Just sitting at 515,000 people in population, it’s no wonder Tasmania is full of natural treasures. With the highest proportion of state protected lands within Australia, most of the 68,401 km2 is brimming with untouched lands awaiting exploration. Not only that, but the lack of tourist crowds makes for a landscape photographer’s paradise. Here are a few of the many hidden treasures you don’t want to miss when visiting Australia’s smallest state.

Binalong Bay

About a 4-hour drive from Hobart, this sleepy coastal town is a “do not miss” in my books. Renown for startling turquoise waters, fine white sands and uniquely hued granite rocks, it’s a quiet retreat from the outside world. With no cell service, the only thing you can do is enjoy the moment, appreciate the breathtaking views and work on capturing the perfect shot.

Dove Lake at Cradle Mountain

Cradle Mountain National Park


Tucked away in the Central Highlands region of Tasmania, Cradle Mountain National Park steals the hearts of those who dare to venture outside of urban comforts. With the region being carved out by ancient glaciers, the landscape reflects the unique conditions through its vegetation and animals. Among the dozens of activities, the highlights include climbing Cradle Mountain Summit for stunning views of Dove lake, taking a multi-day hike on the Overland Track or staking out at sunset for wombats at Ronny Creek Valley.

Mt. Paris Dam Tasmania

Mt. Paris Dam

This abandoned dam is literally off the beaten track. A gravel road leads about 6km into the woods to a small wooden post that marks this spot. Originally built in 1935 for mining activities, the dam was decommissioned over 60 years ago. Its remaining structures have given way to Cascade Rivers’ natural current and have been slowly reclaimed by the surrounding flora. Damp and cool with only the chirping stream to prevent deafening silence, it’s an incredible spot for exploration and a wild imagination.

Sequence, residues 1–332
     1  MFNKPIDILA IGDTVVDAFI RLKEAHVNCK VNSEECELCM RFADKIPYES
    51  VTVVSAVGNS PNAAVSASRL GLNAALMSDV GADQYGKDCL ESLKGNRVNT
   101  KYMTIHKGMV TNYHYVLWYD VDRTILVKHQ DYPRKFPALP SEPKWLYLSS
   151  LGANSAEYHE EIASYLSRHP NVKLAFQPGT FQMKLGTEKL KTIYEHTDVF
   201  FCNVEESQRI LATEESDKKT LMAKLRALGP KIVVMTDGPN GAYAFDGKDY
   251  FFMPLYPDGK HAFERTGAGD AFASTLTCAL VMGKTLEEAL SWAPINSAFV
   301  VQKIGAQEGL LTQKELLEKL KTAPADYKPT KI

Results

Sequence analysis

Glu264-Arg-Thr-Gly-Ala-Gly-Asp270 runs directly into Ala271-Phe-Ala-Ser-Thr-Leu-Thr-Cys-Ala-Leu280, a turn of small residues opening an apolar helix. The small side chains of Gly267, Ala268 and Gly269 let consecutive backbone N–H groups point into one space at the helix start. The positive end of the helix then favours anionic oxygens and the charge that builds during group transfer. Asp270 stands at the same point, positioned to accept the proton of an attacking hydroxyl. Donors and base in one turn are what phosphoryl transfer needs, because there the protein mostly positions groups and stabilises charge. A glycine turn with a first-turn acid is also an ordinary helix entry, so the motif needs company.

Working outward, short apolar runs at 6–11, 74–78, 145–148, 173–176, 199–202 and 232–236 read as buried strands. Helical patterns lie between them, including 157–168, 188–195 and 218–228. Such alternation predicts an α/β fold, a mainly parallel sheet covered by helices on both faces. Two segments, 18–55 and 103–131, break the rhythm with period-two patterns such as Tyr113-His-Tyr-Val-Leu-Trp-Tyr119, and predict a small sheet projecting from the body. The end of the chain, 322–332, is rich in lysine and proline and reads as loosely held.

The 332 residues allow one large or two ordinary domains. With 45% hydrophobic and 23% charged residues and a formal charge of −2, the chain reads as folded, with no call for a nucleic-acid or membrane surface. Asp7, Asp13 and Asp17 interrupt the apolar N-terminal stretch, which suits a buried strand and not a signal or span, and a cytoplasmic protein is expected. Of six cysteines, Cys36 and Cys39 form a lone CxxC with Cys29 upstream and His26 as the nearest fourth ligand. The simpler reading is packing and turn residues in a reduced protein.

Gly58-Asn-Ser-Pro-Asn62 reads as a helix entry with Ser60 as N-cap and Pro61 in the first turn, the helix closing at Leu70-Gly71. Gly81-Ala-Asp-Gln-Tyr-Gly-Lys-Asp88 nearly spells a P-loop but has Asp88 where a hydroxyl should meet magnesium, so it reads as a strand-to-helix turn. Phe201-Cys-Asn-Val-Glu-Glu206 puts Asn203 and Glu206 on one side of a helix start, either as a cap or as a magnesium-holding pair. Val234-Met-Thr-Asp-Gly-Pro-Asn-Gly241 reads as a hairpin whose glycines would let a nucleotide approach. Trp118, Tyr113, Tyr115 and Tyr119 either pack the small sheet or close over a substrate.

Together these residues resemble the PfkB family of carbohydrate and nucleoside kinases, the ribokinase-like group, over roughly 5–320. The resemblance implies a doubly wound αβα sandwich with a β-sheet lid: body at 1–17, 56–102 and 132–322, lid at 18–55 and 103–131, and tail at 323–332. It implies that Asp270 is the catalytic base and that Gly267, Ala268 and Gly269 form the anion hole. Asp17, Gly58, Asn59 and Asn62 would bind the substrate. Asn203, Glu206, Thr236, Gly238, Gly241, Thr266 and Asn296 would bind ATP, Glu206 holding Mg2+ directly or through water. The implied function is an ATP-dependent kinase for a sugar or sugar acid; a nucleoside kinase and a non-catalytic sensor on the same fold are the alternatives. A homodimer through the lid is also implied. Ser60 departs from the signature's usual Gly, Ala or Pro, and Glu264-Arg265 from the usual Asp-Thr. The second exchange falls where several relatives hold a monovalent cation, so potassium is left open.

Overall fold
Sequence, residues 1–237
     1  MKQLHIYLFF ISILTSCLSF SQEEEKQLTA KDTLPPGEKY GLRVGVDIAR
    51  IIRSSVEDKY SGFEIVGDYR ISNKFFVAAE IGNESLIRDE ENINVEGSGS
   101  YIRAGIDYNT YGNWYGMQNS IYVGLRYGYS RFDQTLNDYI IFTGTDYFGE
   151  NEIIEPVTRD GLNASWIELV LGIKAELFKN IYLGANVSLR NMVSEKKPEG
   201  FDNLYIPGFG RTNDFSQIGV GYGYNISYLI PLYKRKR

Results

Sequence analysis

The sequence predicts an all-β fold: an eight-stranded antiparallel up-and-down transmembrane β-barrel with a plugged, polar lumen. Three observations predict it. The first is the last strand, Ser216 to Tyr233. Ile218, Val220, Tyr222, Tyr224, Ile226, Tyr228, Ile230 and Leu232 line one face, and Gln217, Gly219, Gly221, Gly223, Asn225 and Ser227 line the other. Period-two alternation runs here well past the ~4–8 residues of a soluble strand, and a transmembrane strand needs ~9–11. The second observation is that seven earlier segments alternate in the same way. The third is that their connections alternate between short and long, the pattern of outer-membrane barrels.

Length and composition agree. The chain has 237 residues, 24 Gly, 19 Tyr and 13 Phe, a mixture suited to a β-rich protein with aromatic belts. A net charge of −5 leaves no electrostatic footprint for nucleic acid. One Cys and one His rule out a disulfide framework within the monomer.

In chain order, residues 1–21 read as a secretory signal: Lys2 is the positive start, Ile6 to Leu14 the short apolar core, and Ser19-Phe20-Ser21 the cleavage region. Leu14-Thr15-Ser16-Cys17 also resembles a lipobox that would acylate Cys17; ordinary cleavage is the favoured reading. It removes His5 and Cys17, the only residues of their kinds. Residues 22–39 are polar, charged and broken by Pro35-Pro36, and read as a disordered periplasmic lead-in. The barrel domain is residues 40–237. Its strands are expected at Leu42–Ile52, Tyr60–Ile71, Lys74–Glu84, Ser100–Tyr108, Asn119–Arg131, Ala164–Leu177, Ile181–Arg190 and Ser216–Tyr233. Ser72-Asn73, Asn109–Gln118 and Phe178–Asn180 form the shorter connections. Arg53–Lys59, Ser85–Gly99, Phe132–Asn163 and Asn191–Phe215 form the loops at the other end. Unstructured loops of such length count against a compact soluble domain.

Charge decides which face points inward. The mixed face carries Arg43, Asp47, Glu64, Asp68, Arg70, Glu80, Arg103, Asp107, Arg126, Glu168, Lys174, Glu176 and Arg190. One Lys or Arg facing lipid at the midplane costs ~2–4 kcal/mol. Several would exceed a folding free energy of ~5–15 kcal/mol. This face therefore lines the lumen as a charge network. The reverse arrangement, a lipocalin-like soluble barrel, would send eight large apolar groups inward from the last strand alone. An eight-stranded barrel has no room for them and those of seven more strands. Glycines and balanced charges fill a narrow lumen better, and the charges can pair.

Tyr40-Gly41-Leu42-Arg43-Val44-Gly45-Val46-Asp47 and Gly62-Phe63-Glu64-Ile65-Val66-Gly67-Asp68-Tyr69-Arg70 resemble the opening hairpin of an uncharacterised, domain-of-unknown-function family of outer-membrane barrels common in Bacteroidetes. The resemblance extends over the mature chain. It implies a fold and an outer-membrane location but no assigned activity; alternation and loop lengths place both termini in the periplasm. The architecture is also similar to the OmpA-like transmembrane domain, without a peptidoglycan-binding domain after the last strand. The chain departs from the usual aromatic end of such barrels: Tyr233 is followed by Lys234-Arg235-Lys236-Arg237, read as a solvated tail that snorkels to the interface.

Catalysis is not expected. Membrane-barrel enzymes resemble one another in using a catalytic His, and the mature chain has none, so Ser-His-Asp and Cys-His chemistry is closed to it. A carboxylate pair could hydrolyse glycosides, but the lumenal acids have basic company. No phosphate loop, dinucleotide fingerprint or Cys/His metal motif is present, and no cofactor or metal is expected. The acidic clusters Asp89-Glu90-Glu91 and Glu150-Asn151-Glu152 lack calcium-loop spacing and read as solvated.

Little Blue Lake

You can find Little Blue Lake just two hours away from Launceston, the second largest city in Tasmania. A mining hole left by pioneering miners of Tasmania, Little Blue Lake get its color (and name!) from the minerals in its base. Although it’s very tempting, the elevated mineral content makes the lake unadvisable for swimming since it used to be a quarry. Instead opt in for a stroll or a picnic with this dreamy 5-star view.

Mt. Wellington

OK, this one is not really hidden. It’s actually quite hard to miss as it looms over the capital city of Hobart. However, this panoramic view is not shared nearly enough! The winding, one car road leads you 30 minutes to the pinnacle and from here all of Hobart unfold before you. At the summit, temperatures are usually 10 degrees less than in Hobart City and with regular bone chilling winds, only those bold enough to confront natures’ beating are greatly rewarded.